Put Your Money Where Your Mouth is... In Front of the Camera

 

20171203_142353.jpg

I can honestly say I really don’t like having my picture taken and I am sure there are quite a few photographers out there who would agree with this sentiment. I know it sounds strange, a photographer who doesn’t like being on the other side of the camera?!

For me, I am most comfortable BEHIIND the camera; I don’t like that feeling of feeling vulnerable and awkward. I don’t know how to pose or genuinely smile without having it come off looking fake.

I have been thinking about this quite a bit lately and the more I think about it, the more I see clearly that it’s quite hypocritical of me as a photographer to take that stance on getting in front of the camera. How can I possibly expect my clients to relax and feel comfortable in front of the camera if I don’t do it myself? A practice what you preach moment, if you will. 

Perhaps it’s even a little bit more hypocritical for me being a boudoir photographer.  I have women who are complete strangers, wearing very little clothing getting in front of my camera. I pose and light them for photographs.  I talk them through the photo session. I try to help them feel relaxed and forget they are in front of a camera to make it a little less of an intimidating experience.

Now more than ever I think we male photographers need to step into our clients shoes and get in FRONT of the camera.  Maybe have a female photographer shoot us in a “dudoir” session.  You know, put my money where my mouth is!  I have noticed a trend online over the past while that more men are doing exactly that and I think it’s amazing. It doesn’t have to be cheesy just because I am a male.  It can be done very tastefully. All the images I have seen from male boudoir (dudoir) shoots were very well done.

We need to do this in order to feel and understand the vulnerability and nervousness our clients feel when they step in front of our cameras so we can HONESTLY relate and genuinely say we know how they feel.

I am challenging all my male counterparts in the industry to do exactly this! Including me! I am looking for a female photographer that is up for the task of photographing this mug of mine!  Any takers????

Don't Burn Bridges - You May Just Need To Walk Across Them One More Time

Growing up as a kid, my dad bestowed a lot of wisdom unto me with his little one-liners and pithy anecdotes. Now, there were quite a few of them but one in particular really stood out for me: “Don’t ever burn your bridges”

For the past month or so, I have been on an emotional rollercoaster; a veritable whirlwind all rolled up into one for me. I quit my full time corporate job after 12 ½ years with the same company to pursue my passion, my love of photography. Scary as hell but I have a great support system in place in my family, my friends and my former colleagues, which to be honest I didn’t fully expect but it has been an incredibly pleasant surprise.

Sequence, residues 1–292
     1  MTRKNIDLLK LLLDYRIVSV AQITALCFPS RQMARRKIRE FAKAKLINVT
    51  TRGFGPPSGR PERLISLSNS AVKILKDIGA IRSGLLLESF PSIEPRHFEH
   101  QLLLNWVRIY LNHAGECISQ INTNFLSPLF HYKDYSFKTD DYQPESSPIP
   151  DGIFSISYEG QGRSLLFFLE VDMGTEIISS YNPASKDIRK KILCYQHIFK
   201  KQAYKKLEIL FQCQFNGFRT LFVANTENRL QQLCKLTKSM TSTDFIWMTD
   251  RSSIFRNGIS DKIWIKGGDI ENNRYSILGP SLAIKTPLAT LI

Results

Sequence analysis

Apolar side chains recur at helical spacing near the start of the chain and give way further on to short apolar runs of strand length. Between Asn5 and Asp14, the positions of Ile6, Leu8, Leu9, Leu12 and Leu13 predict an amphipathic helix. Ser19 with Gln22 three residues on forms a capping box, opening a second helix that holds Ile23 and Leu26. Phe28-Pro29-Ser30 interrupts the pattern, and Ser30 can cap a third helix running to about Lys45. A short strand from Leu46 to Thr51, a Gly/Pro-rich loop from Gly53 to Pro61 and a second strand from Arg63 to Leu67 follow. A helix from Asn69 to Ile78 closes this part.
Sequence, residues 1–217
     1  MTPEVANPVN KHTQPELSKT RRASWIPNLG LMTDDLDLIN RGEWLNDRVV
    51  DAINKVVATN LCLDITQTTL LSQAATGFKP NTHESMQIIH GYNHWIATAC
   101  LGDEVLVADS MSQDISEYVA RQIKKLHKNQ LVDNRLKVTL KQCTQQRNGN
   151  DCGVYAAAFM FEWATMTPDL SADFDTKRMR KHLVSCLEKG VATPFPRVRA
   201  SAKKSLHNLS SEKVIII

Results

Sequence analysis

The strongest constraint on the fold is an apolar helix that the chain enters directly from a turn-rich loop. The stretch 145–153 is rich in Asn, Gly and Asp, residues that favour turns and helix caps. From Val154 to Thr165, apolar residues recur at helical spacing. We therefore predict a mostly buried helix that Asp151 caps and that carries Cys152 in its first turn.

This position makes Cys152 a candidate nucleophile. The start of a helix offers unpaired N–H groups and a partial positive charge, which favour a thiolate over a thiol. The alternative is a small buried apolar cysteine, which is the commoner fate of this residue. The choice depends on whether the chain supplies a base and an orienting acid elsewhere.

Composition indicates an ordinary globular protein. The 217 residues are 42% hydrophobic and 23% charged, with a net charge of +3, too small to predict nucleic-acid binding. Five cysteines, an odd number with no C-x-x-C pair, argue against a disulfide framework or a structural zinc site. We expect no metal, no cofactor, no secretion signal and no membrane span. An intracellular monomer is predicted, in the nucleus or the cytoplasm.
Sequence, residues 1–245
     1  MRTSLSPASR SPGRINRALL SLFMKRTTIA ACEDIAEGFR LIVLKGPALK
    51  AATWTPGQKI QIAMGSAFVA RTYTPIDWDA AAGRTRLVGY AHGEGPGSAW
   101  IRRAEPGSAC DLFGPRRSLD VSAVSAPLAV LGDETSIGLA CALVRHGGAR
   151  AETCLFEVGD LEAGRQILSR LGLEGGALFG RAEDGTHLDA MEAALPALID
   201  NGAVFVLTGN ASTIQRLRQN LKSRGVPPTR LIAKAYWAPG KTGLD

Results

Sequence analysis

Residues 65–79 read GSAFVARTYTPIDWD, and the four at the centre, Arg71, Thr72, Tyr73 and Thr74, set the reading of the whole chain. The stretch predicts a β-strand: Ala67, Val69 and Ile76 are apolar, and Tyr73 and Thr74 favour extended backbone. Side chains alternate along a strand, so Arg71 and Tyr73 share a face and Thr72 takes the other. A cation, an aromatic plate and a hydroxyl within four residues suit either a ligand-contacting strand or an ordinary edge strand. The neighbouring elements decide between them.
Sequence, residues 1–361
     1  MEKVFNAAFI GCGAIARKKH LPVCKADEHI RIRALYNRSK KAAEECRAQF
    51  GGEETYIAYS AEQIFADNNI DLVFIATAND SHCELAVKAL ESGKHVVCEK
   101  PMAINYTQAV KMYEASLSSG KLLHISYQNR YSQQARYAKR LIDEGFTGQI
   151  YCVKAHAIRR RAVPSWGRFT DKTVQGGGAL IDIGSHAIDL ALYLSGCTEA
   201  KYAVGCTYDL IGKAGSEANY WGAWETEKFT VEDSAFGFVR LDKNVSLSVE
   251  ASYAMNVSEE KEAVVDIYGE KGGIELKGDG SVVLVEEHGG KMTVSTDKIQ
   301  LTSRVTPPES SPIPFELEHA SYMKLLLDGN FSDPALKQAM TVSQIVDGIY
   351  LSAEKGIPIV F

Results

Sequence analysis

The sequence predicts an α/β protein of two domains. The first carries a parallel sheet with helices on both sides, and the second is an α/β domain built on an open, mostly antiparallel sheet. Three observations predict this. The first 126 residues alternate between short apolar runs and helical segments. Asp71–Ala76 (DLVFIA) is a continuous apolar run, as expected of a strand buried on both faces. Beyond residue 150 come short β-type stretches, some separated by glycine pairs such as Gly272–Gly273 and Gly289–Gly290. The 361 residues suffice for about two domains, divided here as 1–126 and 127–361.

It wasn’t that I expected people to be pissed off with me or not be happy for me but I didn’t expect them to be as supportive as they have been, and it has been amazing to say the least.  When I handed in my resignation, my boss said he knew this was coming and he was one of the most supportive people out of everybody. He was totally 100% happy for me, unhappy to see me go but in my corner and wanted to help in any way he could.  He helped in more ways than one and I am incredibly appreciative for his help.

It’s a little embarrassing to admit but I was a little taken aback by the offers of help from the different people at work. Don’t get me wrong, I appreciate it ALL, more than words could ever express!  It was just a little unexpected. The outpouring of support from people was incredibly supportive and kind. It made me a little emotional reading some of them to be honest but moreover it made me feel especially good and supported.

I had partners at the firm approaching me and calling me to wish me luck in my future endeavours, asking for my contact info and offering their help. I even had one partner from the firm tell me to USE the network I have built there, ask for help. More often than not, people are willing to help out, you just have to ask!

I spent a lot of years at my job, met and worked with a lot of amazing people.  I made a lot of friends and forged some great relationships. So the “old man” was on to something.  You should never ever burn your bridges.  It’s always good to keep your relationships in good standing because you never know when you might need help from someone. Thanks for the words of advice Dad, they certainly came in handy!